Over the past 25 years, the fundamental actions required to create a domain name have barely changed: request a registry to add a name to its database and publish it in the zone file; pay any fees due; point the domain to a website or email server as needed. The mechanisms around these tasks have evolved of course, with EPP supplanting email forms, increased security measures by way of domain locking and authcodes, and formalised dispute mechanisms replacing earlier court actions. But many registrars are indolently looking after their registrants just as they might have done five, ten or twenty years ago.
Com Laude has always treated domain names as being at the intersection of IP and IT. Whilst maintaining technical excellence, we have consistently focused on what good portfolio management means over and above the practical ‘hygiene factors’ of maintaining domains. Our constant question to ourselves is ‘how can we ensure that this client’s portfolio is optimally structured and managed to help achieve strategic and commercial goals?’.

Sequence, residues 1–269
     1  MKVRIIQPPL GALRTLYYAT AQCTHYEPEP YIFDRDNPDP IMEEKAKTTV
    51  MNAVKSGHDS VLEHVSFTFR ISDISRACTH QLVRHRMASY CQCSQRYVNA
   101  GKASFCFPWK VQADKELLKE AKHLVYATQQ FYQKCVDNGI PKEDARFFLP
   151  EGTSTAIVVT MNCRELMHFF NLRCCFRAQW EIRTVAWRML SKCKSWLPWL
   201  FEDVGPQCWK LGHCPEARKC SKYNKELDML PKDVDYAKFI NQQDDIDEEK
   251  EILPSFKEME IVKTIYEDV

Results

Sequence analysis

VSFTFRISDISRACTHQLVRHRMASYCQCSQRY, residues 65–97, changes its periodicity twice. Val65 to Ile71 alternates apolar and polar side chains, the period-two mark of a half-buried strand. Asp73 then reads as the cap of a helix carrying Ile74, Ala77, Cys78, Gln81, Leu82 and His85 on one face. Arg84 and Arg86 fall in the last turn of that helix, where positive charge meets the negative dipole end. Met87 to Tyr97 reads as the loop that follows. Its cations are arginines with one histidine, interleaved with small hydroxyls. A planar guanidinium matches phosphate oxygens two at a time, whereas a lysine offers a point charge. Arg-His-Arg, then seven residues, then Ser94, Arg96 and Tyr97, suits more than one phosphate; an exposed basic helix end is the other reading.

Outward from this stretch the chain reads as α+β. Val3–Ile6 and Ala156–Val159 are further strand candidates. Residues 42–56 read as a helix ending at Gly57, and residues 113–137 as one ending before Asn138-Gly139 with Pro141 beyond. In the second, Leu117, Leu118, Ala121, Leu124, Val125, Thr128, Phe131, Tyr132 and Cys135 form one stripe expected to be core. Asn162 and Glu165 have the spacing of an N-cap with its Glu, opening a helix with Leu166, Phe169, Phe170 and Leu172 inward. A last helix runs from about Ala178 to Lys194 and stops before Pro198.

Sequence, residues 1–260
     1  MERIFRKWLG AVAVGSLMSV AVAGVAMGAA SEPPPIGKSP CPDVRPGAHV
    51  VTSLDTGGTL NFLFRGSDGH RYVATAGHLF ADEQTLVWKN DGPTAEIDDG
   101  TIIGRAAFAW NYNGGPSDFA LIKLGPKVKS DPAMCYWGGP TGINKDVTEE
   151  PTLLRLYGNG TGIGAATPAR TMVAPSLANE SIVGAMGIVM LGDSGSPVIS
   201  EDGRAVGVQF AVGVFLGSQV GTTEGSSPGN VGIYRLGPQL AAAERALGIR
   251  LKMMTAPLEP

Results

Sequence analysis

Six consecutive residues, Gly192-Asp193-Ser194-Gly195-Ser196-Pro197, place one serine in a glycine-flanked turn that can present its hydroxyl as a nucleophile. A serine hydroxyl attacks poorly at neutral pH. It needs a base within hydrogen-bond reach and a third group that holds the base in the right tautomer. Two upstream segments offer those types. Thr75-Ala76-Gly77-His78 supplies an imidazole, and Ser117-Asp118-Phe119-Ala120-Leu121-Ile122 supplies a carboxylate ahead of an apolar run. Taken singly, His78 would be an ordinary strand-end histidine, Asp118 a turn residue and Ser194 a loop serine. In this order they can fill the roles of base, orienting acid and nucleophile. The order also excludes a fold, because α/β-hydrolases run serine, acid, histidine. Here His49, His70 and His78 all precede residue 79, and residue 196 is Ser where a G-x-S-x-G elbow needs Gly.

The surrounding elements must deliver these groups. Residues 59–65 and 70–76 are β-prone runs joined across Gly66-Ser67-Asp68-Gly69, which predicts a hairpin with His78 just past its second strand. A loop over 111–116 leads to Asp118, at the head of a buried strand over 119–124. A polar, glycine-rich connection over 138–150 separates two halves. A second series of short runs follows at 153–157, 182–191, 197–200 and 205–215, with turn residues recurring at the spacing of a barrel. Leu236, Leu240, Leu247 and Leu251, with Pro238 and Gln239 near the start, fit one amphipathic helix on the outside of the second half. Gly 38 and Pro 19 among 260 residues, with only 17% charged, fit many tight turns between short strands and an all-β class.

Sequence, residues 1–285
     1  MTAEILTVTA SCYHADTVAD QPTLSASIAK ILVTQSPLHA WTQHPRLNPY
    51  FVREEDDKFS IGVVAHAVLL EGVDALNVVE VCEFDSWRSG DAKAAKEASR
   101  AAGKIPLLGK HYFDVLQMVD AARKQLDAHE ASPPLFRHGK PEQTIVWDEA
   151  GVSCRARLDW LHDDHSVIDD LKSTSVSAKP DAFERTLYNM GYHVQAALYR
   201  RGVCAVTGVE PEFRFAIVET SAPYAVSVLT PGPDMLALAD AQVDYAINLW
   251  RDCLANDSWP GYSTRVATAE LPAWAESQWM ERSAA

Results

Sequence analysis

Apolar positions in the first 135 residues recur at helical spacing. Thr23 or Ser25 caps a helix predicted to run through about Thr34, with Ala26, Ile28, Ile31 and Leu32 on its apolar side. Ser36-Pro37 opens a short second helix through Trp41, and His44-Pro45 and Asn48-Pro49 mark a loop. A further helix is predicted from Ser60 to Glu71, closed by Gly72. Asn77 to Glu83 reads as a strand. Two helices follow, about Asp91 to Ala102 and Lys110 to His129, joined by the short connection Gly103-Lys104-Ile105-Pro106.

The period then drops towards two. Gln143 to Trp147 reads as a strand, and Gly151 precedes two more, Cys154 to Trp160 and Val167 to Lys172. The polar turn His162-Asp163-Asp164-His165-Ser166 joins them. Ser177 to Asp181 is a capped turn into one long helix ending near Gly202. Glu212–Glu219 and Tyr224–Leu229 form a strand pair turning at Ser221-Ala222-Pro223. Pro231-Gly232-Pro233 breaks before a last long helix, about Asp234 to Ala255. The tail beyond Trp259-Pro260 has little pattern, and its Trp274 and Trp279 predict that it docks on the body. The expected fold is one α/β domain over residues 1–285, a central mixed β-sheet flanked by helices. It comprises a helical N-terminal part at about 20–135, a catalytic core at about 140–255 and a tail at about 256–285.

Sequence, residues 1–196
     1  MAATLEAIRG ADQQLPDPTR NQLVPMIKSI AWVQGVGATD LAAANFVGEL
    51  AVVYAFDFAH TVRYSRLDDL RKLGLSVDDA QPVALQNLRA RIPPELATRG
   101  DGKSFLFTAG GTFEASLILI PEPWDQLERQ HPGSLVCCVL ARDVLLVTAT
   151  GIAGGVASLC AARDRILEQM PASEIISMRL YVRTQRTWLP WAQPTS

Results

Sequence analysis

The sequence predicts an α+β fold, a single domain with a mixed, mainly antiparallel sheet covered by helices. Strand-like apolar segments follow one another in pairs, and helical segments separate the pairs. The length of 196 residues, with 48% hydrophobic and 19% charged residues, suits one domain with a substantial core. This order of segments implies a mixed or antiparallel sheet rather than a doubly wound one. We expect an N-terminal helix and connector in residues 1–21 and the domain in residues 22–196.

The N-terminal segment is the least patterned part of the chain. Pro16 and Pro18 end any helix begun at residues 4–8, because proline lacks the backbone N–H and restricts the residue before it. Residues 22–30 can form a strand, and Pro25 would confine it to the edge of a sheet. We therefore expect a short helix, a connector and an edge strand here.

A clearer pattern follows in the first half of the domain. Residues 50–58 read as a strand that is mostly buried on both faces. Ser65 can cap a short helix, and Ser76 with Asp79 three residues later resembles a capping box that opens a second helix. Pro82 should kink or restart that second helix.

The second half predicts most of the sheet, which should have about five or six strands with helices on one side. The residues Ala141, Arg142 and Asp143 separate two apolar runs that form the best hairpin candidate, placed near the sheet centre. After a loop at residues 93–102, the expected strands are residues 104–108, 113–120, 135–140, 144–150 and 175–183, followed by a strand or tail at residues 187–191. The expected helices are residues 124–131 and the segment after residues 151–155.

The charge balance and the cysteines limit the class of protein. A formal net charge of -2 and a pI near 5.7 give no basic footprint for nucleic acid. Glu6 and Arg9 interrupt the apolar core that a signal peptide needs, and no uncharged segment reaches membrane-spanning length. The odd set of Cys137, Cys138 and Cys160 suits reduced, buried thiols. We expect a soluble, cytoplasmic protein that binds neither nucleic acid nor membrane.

To help us answer that question, we’ve formalised ten basic principles of effective portfolio management. These have been designed to help us and our clients recognise what’s working well, identify areas for improvement and embed best practice into every domain name team. They are applicable to all domain portfolios, irrespective of size or sector.
Now that we’ve gone public with these principles, how long before they are copied by other registrars? We don’t mind because if they become best practice, the DNS will be a better place for brands, and that’s our goal.